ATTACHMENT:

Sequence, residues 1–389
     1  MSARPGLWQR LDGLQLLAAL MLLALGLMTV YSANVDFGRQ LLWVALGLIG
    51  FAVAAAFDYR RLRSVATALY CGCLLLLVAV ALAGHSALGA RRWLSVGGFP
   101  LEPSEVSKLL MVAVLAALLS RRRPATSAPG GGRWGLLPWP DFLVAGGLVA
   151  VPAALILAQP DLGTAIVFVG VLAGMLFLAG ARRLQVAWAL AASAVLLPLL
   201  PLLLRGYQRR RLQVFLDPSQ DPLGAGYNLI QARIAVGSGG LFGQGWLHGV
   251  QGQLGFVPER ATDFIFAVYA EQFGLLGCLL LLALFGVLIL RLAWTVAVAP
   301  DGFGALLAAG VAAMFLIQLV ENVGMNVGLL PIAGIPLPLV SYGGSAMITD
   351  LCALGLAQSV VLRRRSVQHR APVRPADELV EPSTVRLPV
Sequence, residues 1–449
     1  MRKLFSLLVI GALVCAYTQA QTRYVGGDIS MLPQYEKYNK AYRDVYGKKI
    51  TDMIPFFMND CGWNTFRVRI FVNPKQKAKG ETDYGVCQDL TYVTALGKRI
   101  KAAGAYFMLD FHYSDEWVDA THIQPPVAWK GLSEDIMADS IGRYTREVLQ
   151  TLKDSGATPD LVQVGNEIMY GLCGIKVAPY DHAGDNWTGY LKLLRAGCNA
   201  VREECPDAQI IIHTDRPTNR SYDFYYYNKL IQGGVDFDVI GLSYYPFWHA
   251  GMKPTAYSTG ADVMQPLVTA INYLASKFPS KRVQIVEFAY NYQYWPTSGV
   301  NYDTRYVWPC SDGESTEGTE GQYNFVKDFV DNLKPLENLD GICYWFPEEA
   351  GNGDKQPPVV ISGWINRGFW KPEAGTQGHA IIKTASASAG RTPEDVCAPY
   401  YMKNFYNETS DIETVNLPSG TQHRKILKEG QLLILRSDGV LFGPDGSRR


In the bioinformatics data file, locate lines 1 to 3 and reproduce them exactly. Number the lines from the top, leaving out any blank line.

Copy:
Sequence, residues 1–389
     1  MSARPGLWQR LDGLQLLAAL MLLALGLMTV YSANVDFGRQ LLWVALGLIG
    51  FAVAAAFDYR RLRSVATALY CGCLLLLVAV ALAGHSALGA RRWLSVGGFP